[WATCH] Malta gender policy has ‘incredible precision and detail’

At a business breakfast on gender mainstreaming, OSCE adviser Ajla Van Heel said the policy document showed dedication and commitment to gender equality

Alja Van Heel said she was struck by the incredible precision and detail in the governent's gender equality strategy document. (Photo: James Bianchi/MediaToday)
Alja Van Heel said she was struck by the incredible precision and detail in the governent's gender equality strategy document. (Photo: James Bianchi/MediaToday)

A proposed policy document on a gender quality reform for Malta has been praised for its precision and detail by an adviser on gender equality at the Organisation for Security and Co-operation in Europe (OSCE).

Addressing a business breakfast on gender mainstreaming on Wednesday, Ajla Van Heel, an adviser to the OSCE Office for Democratic Institutions and Human Rights, said she had been working in the field for ten years but was struck by the policy document prepared government.

“Reading the document, I was struck by its incredible precision and detail,” Van Heel said.

She noted document’s references to international standards and literature, insisting that it demonstrated the “wealth of expertise” of the technical committee that drafted it.  

Van Heel added that the document demonstrated the dedication and commitment to the cause, and the hope that this process would ultimately bring about real change.

She noted that in a climate where political and parliamentary democracies were facing various challenges, including declining trust in institutions, a declining respect for the rule of law and increased public disengagement, gender equality remained a good marker for the health of a democracy.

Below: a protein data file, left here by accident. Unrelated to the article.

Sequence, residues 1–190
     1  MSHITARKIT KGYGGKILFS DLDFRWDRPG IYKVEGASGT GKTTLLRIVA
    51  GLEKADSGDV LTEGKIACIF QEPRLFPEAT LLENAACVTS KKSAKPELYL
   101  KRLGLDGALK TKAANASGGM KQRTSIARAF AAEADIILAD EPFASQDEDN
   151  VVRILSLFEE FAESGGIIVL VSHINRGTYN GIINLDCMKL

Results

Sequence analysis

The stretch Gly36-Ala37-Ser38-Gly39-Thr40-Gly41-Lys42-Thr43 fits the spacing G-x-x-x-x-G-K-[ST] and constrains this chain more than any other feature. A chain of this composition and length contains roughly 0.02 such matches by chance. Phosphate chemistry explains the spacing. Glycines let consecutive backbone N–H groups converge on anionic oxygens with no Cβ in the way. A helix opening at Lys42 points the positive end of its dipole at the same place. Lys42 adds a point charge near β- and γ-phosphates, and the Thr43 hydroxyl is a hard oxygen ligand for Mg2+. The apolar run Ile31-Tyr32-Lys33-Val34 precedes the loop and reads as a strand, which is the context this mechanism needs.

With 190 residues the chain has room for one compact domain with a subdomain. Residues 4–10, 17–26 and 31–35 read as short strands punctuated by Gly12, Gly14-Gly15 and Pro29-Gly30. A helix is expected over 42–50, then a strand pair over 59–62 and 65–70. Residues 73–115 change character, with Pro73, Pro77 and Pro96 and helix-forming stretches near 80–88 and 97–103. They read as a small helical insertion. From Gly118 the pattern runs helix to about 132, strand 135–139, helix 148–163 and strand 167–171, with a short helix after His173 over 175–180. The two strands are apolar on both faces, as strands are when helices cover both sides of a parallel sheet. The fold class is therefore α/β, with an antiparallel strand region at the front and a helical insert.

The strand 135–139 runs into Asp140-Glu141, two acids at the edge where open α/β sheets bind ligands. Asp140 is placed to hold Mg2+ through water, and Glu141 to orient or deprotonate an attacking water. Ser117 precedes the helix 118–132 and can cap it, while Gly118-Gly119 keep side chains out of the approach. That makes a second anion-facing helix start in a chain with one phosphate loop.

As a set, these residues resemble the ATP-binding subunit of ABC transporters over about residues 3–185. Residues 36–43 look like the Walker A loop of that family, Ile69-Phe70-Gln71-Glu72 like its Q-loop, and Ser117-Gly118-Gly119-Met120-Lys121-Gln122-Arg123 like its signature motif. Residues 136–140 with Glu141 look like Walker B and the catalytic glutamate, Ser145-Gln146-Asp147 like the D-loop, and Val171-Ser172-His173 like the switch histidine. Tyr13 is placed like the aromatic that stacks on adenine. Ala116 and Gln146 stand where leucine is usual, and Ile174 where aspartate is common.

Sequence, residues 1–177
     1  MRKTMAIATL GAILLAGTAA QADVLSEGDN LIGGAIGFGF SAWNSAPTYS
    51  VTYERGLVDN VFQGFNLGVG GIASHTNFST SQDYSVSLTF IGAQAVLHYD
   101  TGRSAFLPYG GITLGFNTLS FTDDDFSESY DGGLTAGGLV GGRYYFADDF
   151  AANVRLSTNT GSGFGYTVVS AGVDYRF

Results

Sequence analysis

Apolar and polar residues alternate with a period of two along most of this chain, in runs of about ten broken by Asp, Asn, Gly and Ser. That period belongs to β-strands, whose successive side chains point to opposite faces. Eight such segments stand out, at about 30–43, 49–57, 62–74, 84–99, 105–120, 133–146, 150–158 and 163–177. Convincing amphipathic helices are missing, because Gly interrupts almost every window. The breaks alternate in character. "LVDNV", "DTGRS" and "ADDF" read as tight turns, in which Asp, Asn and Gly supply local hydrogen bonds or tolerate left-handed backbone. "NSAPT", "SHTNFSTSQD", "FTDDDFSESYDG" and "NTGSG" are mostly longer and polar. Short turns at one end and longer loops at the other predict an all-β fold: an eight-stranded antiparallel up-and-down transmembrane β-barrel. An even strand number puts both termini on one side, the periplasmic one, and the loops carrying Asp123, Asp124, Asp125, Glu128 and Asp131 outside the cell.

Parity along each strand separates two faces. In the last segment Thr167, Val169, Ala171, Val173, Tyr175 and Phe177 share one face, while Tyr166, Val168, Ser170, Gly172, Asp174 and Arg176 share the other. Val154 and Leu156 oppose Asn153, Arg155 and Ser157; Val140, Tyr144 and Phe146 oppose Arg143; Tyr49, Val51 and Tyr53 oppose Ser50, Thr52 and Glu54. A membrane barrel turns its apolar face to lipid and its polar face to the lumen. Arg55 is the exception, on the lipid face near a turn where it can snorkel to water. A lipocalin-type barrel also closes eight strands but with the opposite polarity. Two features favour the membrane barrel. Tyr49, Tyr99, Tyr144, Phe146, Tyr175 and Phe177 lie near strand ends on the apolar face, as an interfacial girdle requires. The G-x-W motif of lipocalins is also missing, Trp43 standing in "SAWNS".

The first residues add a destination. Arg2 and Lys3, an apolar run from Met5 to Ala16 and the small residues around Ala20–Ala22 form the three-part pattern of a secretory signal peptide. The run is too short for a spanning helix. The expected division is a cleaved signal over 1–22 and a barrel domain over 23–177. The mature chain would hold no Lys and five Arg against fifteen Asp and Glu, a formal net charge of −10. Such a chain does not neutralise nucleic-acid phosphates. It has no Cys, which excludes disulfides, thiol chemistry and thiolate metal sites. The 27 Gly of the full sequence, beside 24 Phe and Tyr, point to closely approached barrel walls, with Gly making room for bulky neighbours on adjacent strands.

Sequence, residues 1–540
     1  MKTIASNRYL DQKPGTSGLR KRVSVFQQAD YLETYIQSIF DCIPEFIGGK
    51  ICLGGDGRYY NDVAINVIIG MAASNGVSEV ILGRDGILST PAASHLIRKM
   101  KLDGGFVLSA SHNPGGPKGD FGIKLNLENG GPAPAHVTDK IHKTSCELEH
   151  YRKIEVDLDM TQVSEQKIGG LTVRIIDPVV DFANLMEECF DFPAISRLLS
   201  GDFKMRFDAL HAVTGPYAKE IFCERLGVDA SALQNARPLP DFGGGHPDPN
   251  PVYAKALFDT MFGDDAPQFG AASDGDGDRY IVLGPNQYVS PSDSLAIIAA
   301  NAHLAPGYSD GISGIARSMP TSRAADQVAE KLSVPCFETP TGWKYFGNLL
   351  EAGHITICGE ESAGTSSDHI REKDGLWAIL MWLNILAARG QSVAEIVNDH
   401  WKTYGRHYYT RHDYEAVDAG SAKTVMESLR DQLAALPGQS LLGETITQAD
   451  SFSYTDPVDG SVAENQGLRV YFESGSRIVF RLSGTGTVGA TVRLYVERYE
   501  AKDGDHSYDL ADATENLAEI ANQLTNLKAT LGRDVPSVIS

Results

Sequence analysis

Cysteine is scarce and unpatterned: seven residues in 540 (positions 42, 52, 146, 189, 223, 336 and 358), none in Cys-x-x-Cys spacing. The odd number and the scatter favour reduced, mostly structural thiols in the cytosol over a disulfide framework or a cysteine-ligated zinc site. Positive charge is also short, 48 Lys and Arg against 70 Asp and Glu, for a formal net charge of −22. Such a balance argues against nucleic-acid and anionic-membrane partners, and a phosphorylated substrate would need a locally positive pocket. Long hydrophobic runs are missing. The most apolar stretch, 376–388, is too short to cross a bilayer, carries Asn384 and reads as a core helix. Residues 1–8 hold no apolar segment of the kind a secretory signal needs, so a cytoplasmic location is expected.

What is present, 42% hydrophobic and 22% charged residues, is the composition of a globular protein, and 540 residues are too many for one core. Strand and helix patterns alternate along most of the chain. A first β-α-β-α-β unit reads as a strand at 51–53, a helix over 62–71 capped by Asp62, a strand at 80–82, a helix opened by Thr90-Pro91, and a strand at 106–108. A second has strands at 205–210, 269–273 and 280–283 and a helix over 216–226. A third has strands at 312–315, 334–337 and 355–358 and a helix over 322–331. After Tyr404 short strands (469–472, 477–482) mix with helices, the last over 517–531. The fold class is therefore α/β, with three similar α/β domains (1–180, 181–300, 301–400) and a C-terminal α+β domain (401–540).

Van Heel emphasised the need for political parties to take a leading role in promoting equality by giving women the space and opportunities to show that they are as worthy as men. 

Reforms parliamentary secretary Julia Farrugia Portelli expressed her satisfaction at interest generated by the document and the constructive feedback put forward by various stakeholders.

Parliamentary Secretary Julia Farrugia Portelli. (Photo: James Bianchi/MediaToday)
Parliamentary Secretary Julia Farrugia Portelli. (Photo: James Bianchi/MediaToday)

Farrugia Portelli said she was happy that 18 of Malta’s women’s organisations had endorsed the strategy, while also commending the speaker of the house for being so receptive of the proposed reform.

Gender mainstreaming, she said, meant having greater awareness and a process by which the implications, on both men and women, of decisions taken within the country’s institutions. The strategy also aims to ensure parliament has a clear and effective policy of harassment and discrimination and a formal procedure for dealing with such complaints.

“We want to boost inclusivity so that parliament can become a model for gender equality in the country,” Farrugia Portelli said, who stressed that mainstreaming was an essential prerequisite to increased female representation. 

She also referred to a proposal in the strategy to give some members of parliament the option to become full-time MPs, emphasising the need for appropriate child-care facilities and a change in culture that could allow men to feel comfortable taking their children to parliament as women occasionally do.

During the conference a memorandum of understanding was signed between the University of Malta, the secretariat and the Malta Confederation of Women’s Organisations on an EU-funded project called Equal Project, which will be aimed at raising awareness and of collecting views of as many stakeholders as possible in order to inform policy decisions going forward.

Speaker of the House Anglu Farrugia. (Photo: James Bianchi/MediaToday)
Speaker of the House Anglu Farrugia. (Photo: James Bianchi/MediaToday)

Speaker of the House Anglu Farrugia, acting in his capacity as acting President of the Republic, pointed to last week’s Sette Giugno celebrations which he said allowed the country to recognise the “resolve of our forefathers to have a greater say in the running of the country”.

The annual celebration, he said, was an occasion for the country to reflect on the state of its democracy, including what progress has been made and what remains to be done.

Female representation in parliament was one area where Malta had fallen behind in and which needed to be addressed immediately.

He noted that Malta had one of the lowest rates of female participation in parliament across the EU and pointed out that this meant that there were no women sitting in a number of parliament’s standing committees.

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